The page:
San Francisco and trailers don’t really go together. After a spectacular entrance into the city, across the majestic Golden Gate Bridge from Marin County and up the main (mostly flat) drag of Van Ness, things got dramatic.
For anyone who’s never been to San Francisco, those hills are serious. We’re talking gradients of 15% and cars that have to park pointed out onto the street to stop them from sliding down.
Our own ascents and descents were accompanied by the sounds of tha-dumps (the trailer), violent churnings and squeaks (the hitch) and general clatter (our belongings inside the trailer).
Daniel looked increasingly worried.
Luckily, having already crossed the Rockies, we knew how the car’s gears worked.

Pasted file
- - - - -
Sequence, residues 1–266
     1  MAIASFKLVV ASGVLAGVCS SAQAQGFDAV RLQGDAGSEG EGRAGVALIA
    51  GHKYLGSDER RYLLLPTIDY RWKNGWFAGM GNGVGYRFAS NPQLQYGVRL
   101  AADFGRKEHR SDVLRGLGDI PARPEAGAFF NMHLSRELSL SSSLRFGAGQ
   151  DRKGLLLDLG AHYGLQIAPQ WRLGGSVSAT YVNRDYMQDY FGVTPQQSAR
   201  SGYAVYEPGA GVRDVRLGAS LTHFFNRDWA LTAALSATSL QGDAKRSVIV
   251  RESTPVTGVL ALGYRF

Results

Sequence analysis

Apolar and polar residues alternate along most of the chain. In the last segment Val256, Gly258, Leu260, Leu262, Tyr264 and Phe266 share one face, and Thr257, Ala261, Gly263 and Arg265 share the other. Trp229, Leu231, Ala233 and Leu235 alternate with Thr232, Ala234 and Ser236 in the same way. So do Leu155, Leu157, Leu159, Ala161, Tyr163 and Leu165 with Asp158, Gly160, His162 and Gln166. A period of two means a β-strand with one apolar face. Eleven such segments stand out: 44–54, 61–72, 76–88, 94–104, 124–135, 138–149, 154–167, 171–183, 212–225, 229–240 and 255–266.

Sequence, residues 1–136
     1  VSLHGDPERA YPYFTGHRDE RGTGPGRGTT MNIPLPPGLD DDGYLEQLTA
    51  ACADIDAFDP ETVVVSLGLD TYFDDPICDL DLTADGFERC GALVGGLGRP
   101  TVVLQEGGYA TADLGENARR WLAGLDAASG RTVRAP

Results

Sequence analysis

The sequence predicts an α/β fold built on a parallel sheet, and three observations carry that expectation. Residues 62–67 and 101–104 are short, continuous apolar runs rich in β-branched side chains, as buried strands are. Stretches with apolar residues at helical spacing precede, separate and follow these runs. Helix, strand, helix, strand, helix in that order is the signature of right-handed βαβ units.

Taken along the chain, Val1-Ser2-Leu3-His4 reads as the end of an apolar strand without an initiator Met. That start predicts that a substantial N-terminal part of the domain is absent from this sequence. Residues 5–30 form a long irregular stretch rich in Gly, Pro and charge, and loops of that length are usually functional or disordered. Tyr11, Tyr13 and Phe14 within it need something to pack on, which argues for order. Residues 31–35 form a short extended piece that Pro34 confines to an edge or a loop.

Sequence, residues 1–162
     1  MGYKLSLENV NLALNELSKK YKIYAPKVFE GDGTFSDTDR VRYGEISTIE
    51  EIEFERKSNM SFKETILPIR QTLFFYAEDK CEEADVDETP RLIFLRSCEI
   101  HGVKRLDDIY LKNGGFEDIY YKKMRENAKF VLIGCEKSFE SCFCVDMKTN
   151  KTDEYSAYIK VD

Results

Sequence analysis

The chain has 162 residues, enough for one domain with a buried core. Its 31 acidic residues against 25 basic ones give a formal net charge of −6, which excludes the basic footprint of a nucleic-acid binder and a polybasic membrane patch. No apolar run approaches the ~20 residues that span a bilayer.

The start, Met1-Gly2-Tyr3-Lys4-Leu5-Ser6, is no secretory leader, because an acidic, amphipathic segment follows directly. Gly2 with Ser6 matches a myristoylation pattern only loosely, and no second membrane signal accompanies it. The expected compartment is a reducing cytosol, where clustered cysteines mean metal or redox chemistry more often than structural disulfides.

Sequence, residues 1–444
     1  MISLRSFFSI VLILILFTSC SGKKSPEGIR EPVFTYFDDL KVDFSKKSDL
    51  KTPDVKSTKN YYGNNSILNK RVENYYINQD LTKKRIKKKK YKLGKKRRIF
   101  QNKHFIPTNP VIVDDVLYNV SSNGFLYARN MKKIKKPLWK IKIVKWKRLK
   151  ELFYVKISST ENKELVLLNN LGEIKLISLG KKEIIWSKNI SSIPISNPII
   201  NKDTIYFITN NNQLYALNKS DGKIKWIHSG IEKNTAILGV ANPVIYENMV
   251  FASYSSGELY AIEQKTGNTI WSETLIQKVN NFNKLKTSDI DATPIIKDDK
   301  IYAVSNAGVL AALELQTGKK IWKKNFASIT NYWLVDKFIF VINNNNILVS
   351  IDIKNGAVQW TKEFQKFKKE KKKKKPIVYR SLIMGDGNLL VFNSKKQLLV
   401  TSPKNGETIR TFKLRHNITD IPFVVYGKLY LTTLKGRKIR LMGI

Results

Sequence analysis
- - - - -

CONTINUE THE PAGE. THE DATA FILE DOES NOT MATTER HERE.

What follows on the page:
That didn’t stop the general public from rushing onto the street to watch us drag the Airstream up Bernal Hill and then partly back down it at what looked like a near-vertical angle, as we approached the home of my friend Olivia Mole.
Londoner Olivia spent a summer in Pelham, New York, living with the Rowlands (who seem to directly or indirectly have introduced us to much of northern California) when we were both 18. We met again in London, once I had moved there, and then she relocated to LA to take advantage of a green card she had won and pursue a career in animation.
At the crest of the rollercoaster-like hill, Daniel suggested I run to the bottom to photograph the truck and trailer’s descent – for your enjoyment, dear reader.
Having done this and hugged Olivia, who had been watching the spectacle of our arrival out various windows of her house, I turned around to see the Airstream caught in a tree – and hear the scratching of twigs and gnawing of large branches against its lovingly mirror polished surface.